It was observed that the in-going and out-going particles with which we started, produce vertex insertions as in a string world sheet, as if all particles considered should be regarded as closed string loops. It all takes the form of a string theory. Strings were not put in, however, rather, they come out as inevitable objects! But beware, these are not “ordinary” strings. The black hole horizon is the string world sheet [18]. If ordinary strings were to be Wick rotated to form space-like string world sheets, all factors i would disappear from the action, whereas our expressions are still in the complex plane, as if the string slope parameter α′ should have the purely imaginary value 4Gi. In most string treatments of black holes, the string world sheets are assumed to be in the longitudinal direction, that is, the world sheets are taken to be orthogonal or dual to the horizon.  
Our analysis appears to be closely related to ideas using the BMS approach [22], although there, the emphasis seems to be specially on the in- and out-going gravitational waves, while we focus on all particle types entering or leaving the black hole. Secondly, ... we attribute the black hole properties to the immediate surroundings of the future and past event horizon. Also, one may note that both approaches now focus on light-like geodesics, which justifies attempts to employ conformally invariant (or covariant) descriptions of quantum gravity

What is the required Nature's Book keeping system?
A (last) mid-summer night's dream (or day's homework) could (have) be(en) to (start to) harness its potential for the construction of the proper geometric framework for quantum gravity. 
I am amazed by the physical intuition of 't Hooft that shines through his prospective quantum modelisation of black hole dynamics. I must confess I am also intrigued by the vague but pushy analogy one might tentatively establish between the physicist computing scheme outlined in bold characters in the text above with the recent new degrees of freedom devised by spectral noncommutative geometers to describe tentative quanta of geometry. Since the quantum information of incoming matter is supposed to impinge on outgoing one only through a momentum operator while two position operators are required to describe in a unitary way outgoing matter, could it be that a set made of a Dirac operator D and two Feynman-slashed position operators Y and Y' as defined by noncommutative geometry is the Nature's book keeping system to track the entangled spacetime-matter dynamics of black hole horizons?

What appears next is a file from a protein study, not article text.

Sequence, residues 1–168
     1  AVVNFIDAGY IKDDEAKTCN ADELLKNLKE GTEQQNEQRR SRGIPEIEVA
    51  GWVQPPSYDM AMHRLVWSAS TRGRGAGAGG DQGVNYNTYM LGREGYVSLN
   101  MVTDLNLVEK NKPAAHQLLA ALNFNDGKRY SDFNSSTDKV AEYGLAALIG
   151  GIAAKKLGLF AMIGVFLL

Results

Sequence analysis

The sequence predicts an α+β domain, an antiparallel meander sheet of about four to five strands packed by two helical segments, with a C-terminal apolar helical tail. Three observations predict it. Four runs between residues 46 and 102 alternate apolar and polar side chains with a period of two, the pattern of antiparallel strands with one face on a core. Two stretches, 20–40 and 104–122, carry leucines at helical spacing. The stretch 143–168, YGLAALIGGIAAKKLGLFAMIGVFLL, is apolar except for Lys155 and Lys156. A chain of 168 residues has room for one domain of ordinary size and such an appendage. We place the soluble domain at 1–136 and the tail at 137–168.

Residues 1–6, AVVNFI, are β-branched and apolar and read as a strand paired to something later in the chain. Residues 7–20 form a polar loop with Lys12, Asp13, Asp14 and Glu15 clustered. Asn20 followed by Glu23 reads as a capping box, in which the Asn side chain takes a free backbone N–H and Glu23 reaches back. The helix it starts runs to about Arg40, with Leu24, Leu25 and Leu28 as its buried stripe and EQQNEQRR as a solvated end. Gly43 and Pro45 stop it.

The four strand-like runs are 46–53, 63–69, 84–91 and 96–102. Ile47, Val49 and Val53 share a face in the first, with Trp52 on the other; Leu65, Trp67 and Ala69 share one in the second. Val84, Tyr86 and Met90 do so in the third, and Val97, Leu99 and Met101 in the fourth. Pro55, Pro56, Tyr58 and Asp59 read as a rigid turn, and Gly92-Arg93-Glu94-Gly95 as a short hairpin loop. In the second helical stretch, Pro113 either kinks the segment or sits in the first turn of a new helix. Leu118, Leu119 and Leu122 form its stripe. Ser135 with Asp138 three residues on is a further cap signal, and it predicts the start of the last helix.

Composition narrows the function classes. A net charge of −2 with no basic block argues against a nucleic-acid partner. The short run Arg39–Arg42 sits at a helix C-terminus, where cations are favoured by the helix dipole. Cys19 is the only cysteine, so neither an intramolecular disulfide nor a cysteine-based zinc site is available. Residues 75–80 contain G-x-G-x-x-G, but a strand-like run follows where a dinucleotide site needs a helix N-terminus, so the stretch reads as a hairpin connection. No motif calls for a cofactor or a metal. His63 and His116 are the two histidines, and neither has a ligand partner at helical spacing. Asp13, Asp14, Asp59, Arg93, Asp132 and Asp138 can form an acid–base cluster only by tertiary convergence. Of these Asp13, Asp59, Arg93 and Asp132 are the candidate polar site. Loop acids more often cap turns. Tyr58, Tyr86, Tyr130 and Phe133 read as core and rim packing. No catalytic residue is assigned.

Laws of gravity, as they are known today, then suggest that all forms of matter will be geometric: the way they affect the curvature of space and time is the only form of information that is conserved [5]–[7]. We think we drew the important conclusion that observations of the sort mentioned here, will be the only way to reconcile finiteness of the degrees of freedom with an unbounded group of local Lorentz transformations. This is extremely important, if true. It means that Fock space will not be the appropriate language; rather, we get something that resembles a bit more string theory, which is also basically geometric. String theories known today, however, seem not yet to be based on very sound book keeping... 
The demand from string theory that space and time themselves must feature either 10 or 26 dimensions, however, seems to be too restrictive. If indeed, as we suspect, physical degrees of freedom form discrete sets, then dimensionality of space and time may be less well-defined notions, so that such ‘predictions’ from string theory may well be due to some mathematical idealisation having little to do with reality. All in all, we are badly in need of a more orderly listing of all conceivable configurations of physical variables in a small region of space and time... 
String theory was an interesting guess, but may well have been a too wild one. We are guessing the mathematical structures that are likely to play a role in the future, but we fall short on grasping their internal physical coherence and meaning. For this, more patience is needed.
(Submitted on 29 Apr 2016)

Comment: the scrutinizing reader will notice that in the first text of 't Hooft I quote today I choose not to select his commentary about noncommutative geometry. This is because I think it addresses specifically the noncommutative field theory program, or to say more geometrically it refers to the construction of noncommutative spaces via deformation of commutative algebra while I am interested in this post (and in this blog) to chronicle advances in the isospectral deformation of classical manifolds, what I use to call spectral noncommutative geometric program (see chap 19  in this review for details).

To (almost) conclude this 2016 August-series